Where is Maya Bay?
Maya Bay is located in the Andaman Sea, in the Strait of Malacca in Krabi Province of Thailand, and is a part of the Hat Noppharat Thara–Mu Ko Phi Phi National Park. It is on the island of Koh Phi Phi Le, one of the two main Phi Phi islands in the Krabi province.
How do you get to Maya Bay?
It’s not possible to stay on Koh Phi Phi Le as it’s an uninhabited island, so visitors to Maya Bay come for day trips from nearby islands such as Koh Phi Phi Don and Phuket. It takes between 30 to 40 minutes to visit Maya Bay on a speed boat from Koh Phi Phi Don, and around 90 minutes from Phuket.
Tips for avoiding over-tourism
With the climate crisis in full swing, looking after the planet should be on everyone’s agenda right now. And while tourism brings a lot of economic benefits to destinations across the globe, it also contributes to the pollution of the planet and the decimation of local ecosystems. The Maya Bay reopening highlights the need for people to take a more responsible approach to exploring new destinations. So as a tourist, how can we avoid perpetuating the ills of over-tourism?
Avoid following the crowd.
- It’s really easy to base your travel plans on bucket list destinations – whether that’s heading to Maya Bay to stroll the same sands as Leonardo Di Caprio, or planning a romantic getaway to Venice. But simply following the crowd to the most popular tourist destinations places incredible strain on the resources and infrastructure of these places, as well as damaging local ecosystems and sometimes degrading local people’s quality of life. It’s why local people can no longer afford to live in the center of Barcelona, and Venice is introducing turnstiles to its main attractions.
It’s more responsible to pause to consider the types of destinations that fly under people’s radars and therefore suffer less with the ills of over-tourism. Rather than heading to the capital every time, why not opt to visit a second city? Rather than Lisbon, head to Porto, for example. Or you could opt for Glasgow, over the incredibly popular Edinburgh. As an added bonus, steering clear of the well-trodden tourist path often means fewer crowds, cheaper prices, and a more authentic experience of the local culture.
Post fewer photos.
Posting photos on social media has become an integral part of most people’s vacation experience. But did you know that social media can have a damaging effect on destinations by fuelling over-tourism? The desire to snap the perfect travel picture – and the social clout that comes with it – has led to great surges in visitors to places famed for their photogenic nature. In 2019, the small town of Lake Elsinore received an unprecedented influx of 66,000 tourists in just one weekend, as people flocked there to take photos with the poppy fields. This caused gridlock, standstill traffic in the streets, and the trampling of local nature.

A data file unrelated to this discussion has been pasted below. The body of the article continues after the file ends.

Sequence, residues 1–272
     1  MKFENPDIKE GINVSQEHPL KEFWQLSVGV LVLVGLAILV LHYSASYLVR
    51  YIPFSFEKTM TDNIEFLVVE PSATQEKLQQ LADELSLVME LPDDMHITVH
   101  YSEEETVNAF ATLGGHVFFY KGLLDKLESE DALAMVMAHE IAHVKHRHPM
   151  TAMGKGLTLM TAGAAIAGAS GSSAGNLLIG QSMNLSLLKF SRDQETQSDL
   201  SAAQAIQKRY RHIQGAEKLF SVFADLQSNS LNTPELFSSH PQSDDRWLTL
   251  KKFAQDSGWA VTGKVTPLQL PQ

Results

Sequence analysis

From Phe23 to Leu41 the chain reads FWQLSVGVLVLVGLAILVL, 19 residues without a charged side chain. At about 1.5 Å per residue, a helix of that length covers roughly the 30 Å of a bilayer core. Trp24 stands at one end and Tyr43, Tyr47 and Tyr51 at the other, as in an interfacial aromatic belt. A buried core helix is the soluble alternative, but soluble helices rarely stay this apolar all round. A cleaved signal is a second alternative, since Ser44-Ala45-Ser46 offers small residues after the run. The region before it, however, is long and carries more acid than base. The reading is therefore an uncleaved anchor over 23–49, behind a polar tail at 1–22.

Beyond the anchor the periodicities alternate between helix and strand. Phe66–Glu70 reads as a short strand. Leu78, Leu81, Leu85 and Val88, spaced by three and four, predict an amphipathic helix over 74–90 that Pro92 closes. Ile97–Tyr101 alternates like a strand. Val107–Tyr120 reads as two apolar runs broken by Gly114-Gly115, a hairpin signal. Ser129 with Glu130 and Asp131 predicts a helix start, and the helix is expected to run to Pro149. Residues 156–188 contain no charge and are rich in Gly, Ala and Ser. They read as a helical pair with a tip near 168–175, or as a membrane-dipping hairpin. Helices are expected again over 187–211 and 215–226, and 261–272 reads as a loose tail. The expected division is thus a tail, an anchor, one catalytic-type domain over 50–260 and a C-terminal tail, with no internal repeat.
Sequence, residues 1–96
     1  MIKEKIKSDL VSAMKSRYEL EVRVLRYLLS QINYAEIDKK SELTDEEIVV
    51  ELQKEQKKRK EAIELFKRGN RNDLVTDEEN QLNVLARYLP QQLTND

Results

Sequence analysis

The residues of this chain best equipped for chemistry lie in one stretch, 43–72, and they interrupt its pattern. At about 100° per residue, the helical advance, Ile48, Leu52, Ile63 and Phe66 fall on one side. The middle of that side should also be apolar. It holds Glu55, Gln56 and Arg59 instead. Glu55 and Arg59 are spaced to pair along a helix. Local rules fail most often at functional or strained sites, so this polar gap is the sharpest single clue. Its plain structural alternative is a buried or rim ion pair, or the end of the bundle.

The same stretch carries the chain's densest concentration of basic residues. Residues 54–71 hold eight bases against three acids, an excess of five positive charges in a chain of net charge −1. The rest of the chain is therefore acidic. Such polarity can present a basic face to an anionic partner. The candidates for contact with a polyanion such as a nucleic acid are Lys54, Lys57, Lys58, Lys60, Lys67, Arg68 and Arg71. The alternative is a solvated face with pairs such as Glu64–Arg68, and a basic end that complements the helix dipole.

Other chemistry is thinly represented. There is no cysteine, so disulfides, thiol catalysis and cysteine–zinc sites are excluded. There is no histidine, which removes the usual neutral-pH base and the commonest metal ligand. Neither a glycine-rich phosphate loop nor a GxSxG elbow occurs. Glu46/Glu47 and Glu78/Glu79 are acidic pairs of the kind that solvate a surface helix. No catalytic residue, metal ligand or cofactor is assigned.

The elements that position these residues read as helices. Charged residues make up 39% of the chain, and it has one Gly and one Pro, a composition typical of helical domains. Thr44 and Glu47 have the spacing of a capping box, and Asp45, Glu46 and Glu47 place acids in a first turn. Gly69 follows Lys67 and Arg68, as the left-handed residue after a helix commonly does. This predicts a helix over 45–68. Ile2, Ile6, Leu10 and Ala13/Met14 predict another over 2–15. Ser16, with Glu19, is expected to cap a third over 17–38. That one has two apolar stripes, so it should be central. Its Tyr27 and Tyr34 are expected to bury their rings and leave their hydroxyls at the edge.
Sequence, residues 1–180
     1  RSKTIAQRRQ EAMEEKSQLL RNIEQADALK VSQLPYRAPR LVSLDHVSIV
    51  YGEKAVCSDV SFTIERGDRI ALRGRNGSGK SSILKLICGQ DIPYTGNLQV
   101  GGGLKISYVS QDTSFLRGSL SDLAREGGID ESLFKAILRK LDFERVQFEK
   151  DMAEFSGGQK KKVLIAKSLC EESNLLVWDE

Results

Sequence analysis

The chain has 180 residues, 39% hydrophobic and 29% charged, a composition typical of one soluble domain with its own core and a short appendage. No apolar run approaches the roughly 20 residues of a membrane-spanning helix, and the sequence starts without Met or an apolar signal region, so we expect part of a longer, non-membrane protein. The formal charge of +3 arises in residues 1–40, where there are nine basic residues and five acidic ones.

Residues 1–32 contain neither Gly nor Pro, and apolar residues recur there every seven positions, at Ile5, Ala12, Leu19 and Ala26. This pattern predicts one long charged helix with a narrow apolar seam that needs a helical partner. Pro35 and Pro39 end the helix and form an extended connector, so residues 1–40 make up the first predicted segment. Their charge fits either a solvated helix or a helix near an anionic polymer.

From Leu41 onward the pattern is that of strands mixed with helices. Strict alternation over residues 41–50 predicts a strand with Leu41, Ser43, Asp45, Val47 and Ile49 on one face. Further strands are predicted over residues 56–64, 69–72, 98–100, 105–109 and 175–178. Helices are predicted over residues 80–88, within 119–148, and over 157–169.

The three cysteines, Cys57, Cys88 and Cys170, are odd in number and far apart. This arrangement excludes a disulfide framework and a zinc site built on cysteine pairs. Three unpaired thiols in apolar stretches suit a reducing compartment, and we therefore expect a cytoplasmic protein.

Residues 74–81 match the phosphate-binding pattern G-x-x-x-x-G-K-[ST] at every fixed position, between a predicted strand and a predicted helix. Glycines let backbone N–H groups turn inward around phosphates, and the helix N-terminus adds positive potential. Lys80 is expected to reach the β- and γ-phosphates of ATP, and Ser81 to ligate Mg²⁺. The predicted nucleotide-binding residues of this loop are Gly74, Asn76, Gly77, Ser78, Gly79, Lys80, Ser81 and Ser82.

If you plan to visit after the Maya Bay reopening keep this in mind: posting fewer pictures, or at least not tagging the destination, could help to reduce your contribution to over-tourism in the area.
Always show respect.
- It goes without saying that tourists are guests to the destinations that they visit, and should behave accordingly. But the sad reality is that many people forget their manners when they travel abroad. Leaving litter, behaving in a rowdy nature and not obeying local rules and laws are common complaints that local people often make towards tourists. In order to reduce the negative environmental and social consequences of visiting Maya Bay, and anywhere else in the world, tourists should make an effort to leave the place as they found it. That means respecting the local environment – from taking rubbish home with you, to not harassing local wildlife for photos, and respecting the rules of the area you are visiting. As well as showing respect for the environment, it’s important to show respect from local people, too: make an effort to engage with tour guides, hotel staff, and hospitality workers. You’ll probably get more out of your trip this way too!